Zygon 45 (3):591-595 (2010)
Buddhism has captured the imagination of many in the modern (Western) world. Recently, scientists have seemed eager to discover whether claims about Buddhist meditation can be verified experimentally. Brain research is beginning to produce concrete evidence that mental discipline and meditative practice can change the workings of the brain and allow practitioners to achieve different levels of awareness, as measurable for instance in reaction times to stimuli. The goal of this section of articles in Zygon is to address recent developments in this area. The contributions address a wide array of questions, although they certainly do not cover the whole ground of what one may consider “problems” of meditation. Yet, we believe that the issues addressed here have widespread implications and that they constitute a strong argument for the richness of the meditation domain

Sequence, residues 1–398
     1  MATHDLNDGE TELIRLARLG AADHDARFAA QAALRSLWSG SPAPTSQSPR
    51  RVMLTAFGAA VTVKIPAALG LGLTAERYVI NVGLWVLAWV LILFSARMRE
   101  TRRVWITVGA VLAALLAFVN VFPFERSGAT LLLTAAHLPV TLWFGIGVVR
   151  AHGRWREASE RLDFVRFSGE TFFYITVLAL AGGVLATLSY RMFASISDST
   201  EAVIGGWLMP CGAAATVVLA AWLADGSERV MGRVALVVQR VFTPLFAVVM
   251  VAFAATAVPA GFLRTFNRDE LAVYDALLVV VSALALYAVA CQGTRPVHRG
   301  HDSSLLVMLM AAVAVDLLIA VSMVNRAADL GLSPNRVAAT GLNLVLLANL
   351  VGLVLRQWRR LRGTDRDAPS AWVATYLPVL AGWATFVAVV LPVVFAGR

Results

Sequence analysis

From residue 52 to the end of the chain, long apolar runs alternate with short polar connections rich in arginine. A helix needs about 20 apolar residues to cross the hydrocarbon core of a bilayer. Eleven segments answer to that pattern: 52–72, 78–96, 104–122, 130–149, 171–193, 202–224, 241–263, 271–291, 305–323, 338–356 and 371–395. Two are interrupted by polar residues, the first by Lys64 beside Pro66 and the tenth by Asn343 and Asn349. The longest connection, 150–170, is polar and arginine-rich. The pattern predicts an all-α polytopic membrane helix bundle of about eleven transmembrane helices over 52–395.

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References found in this work BETA
Mental Training Affects Distribution of Limited Brain Resources.Lutz Antoine, H. A. Slagter, L. L. Greischar, A. D. Francis, S. Nieuwenhuis, J. M. Davis & R. J. Davidson - manuscript
Religion as a Control Guide: On the Impact of Religion on Cognition.Bernhard Hommel & Lorenza S. Colzato - 2010 - Zygon 45 (3):596-604.
Mindfulness and the Cognitive Neuroscience of Attention and Awareness.Antonino Raffone, Angela Tagini & Narayanan Srinivasan - 2010 - Zygon 45 (3):627-646.
Citations of this work BETA
Rich Religion and Science: AsIan Religions, Ian Barbour, and Much Else.Willem B. Drees - 2013 - Zygon 48 (4):853-858.
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